An old friend used to say that gas stations were society’s great egalitarian gathering places. They’re one of the few settings where the rich and poor, sophisticated and simple mix and mingle, or at least rub elbows while topping off their tanks. Dodges idle alongside Beamers and Bentleys. Even the fanciest of filling stations can’t exclude a beat-up Ford Fiesta from rattling in. We all need gas, and we can all go to any darn pump we please, thank you.
You could say that LinkedIn is the gas station of social networking. It’s extremely egalitarian, unlike other social sites. Sure, you can follow Ashton Kutcher (@aplusk) or LeBron James (the modest @KingJames) on Twitter, but will they follow you? You can send a Friend request to anyone you like on Facebook, but only your true friends, or those desperate for friends, will hit the Accept button.
Coincidentally or not, LinkedIn has become the digital place to be for life sciences professionals of all stripes and seniorities. It’s a place to get yourself known and heard—membership is almost a career necessity, in fact. For the sake of user privacy (and to keep out the lunatic fringe), it has its exclusive elements. You can’t network with someone without their approval, and you can’t join a group unless the manager, or “owner”, lets you in. But you can see anyone’s public profile (their current and past jobs, college degrees, and other info they’re willing to share), and rare is the manager who won’t let you into his or her group if it appears that you’re an upstanding (i.e., non-spamming, non-flaming) cybercitizen. (As a group manager myself, I won’t turn someone away unless he or she appears to have little connection to our industry. And only on rare occasions have I censured someone for spamming.)
For the most part on LinkedIn, you can freely find, friend, and follow. Even if you’re not networked with someone directly, you can see what they’re saying when you’re a member of the same group on which they comment.
Pharma doesn’t really have its share of idols and celebs, of course, and you won’t find Ashton or LBJ talking crystallization or continuous improvement. But pharma has its own stars who for the most part have earned their reputations through sheer expertise. They’re the people who’ve shaped the industry or are in the process of revamping it. And you can find them on LinkedIn, engaging in discussions of the day with anybody who cares to join in.
As long as they follow general rules of decency and decorum of a given group, a grad student from Indy or India can post a question to, say, 2,000 process chemists, or challenge or criticize something that a senior researcher from Merck has posted. If your comments are thoughtful and contribute to the collective momentum of the discussion thread, you’ll be a welcome member.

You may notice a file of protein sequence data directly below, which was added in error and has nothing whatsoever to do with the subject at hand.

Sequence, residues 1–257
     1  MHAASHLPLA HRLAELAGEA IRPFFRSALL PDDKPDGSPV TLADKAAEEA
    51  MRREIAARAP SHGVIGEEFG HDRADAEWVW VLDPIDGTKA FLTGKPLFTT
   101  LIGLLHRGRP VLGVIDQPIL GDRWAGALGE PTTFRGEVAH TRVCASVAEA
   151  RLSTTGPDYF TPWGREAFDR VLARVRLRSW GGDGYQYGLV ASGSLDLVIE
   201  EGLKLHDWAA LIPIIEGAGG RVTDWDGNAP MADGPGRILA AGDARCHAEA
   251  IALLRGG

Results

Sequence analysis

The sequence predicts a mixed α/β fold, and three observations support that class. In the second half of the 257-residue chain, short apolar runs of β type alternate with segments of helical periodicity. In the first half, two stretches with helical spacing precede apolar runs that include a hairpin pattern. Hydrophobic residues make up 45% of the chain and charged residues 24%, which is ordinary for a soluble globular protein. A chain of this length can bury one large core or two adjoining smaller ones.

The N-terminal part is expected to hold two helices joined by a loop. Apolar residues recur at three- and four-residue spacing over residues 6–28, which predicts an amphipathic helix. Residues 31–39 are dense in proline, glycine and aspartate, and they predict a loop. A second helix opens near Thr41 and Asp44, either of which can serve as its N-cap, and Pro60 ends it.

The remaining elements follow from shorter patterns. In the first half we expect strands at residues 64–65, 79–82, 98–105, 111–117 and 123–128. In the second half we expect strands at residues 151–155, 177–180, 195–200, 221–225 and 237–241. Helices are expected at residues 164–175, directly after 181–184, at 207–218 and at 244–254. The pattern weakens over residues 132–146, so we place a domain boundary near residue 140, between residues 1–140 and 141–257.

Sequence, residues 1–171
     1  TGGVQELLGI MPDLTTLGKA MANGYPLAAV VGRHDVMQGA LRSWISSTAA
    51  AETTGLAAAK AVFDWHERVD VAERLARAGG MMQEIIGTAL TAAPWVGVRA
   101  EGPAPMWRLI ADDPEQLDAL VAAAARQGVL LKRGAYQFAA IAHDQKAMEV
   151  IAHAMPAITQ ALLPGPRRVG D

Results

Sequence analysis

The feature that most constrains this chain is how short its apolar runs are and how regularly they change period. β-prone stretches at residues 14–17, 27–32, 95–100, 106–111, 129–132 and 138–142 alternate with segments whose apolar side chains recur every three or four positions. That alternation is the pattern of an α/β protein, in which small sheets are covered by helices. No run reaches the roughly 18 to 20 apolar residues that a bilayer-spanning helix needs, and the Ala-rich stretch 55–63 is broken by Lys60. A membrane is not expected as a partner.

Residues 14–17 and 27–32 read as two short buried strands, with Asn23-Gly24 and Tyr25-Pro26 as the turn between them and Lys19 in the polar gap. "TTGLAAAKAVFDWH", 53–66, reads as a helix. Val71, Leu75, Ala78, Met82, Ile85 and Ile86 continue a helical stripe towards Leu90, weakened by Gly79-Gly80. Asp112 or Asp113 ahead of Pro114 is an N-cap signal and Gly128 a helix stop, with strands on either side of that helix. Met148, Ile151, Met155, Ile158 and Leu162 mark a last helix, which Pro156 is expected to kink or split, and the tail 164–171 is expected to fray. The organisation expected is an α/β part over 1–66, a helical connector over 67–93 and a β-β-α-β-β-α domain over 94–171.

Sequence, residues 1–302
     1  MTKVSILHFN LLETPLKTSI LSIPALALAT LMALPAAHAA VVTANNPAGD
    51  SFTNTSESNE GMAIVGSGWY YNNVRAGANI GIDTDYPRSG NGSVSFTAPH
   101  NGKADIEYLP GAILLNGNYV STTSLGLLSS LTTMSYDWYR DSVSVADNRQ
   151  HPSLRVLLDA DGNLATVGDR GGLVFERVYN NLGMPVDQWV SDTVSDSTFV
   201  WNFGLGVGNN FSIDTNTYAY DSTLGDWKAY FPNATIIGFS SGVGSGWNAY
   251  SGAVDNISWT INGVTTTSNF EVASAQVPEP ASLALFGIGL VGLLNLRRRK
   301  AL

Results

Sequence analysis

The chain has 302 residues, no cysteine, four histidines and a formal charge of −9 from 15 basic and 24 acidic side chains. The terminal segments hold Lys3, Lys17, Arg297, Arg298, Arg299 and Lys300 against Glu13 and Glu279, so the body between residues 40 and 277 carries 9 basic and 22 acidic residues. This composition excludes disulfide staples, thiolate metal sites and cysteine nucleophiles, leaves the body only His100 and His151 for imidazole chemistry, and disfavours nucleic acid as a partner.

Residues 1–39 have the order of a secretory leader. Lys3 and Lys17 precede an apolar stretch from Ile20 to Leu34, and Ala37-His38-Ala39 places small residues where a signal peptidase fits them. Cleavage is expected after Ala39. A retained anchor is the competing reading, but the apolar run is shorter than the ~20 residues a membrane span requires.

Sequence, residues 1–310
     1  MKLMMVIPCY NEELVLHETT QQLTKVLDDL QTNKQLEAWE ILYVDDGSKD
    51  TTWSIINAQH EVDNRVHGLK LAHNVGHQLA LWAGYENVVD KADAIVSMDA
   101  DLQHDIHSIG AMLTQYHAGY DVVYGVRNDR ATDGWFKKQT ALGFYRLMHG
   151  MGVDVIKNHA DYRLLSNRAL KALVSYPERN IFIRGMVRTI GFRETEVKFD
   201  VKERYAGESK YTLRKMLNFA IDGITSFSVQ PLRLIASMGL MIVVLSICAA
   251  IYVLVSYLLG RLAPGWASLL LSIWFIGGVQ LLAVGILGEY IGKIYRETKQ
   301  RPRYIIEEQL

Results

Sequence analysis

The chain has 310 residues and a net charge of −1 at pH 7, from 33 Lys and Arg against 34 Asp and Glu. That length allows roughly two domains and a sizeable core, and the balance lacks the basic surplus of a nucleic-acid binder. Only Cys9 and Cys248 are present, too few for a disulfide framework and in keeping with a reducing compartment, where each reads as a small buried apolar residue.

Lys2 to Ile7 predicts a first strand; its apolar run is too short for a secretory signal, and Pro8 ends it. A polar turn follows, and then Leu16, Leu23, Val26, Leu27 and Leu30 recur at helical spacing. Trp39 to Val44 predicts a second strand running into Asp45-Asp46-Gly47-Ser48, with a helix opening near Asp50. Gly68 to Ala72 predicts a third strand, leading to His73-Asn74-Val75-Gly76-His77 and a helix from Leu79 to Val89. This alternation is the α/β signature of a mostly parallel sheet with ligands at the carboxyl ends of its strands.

There are other professional, more specialized networks online, of course, and some industry organizations whose websites have message boards and discussion groups for all members. But here, now, LinkedIn is the king.
Maybe the gas station analogy is a bit of a stretch. After all, not since Andy and Gomer left Mayberry have they been places where people strike up lively conversations. But it is true that, on LinkedIn, you never know who you’ll socialize with (in the digital sense). And whether the conversation is unleaded or high-octane, you can usually leave with a full tank.
For pharma manufacturing professionals, here are some of the more active and engaging groups you may want to join:
- Pharmaceutical Manufacturing and PharmaQbD: This is our own site, which we use primarily to get feedback from you, our readers, about what we’ve written, and should be writing. Also join our Pharmaceutical Manufacturing Vendor Community subgroup, which we use to stay in touch with solution providers and solicit their ideas.
- Quality-by-Design: Good information, links, and thoughtful discussions about QbD from a wide variety of experts across the globe.
- Process Analytical Technology: Owned by Amgen’s Cenk Undey, this group really gets serious and philosophical about where PAT is headed. Former FDA-ers frequently weigh in.
- Lean Six Sigma: A font of information and active chatter among LSS nerds. (One recent post had upwards of 150 comments.) (Note: The Pharma LEAN & Six Sigma group is not as active but still worth a visit.)
- Pharmaceutical Operational Excellence: A plethora of OpEx tidbits and talks.
A few others that I recommend: Ireland: Bio/Pharm & Medical Device; AIChE Pharma Open Forum; FDA Inspections; OEE Forum; Pharmaceutical Microbiology Forum; and Rapid Micro Methods.
Finally, you can troll through groups like the Pharmaceutical Discussion Forum, but oftentimes they’re just too broad and merely repositories for members’ digital detritus.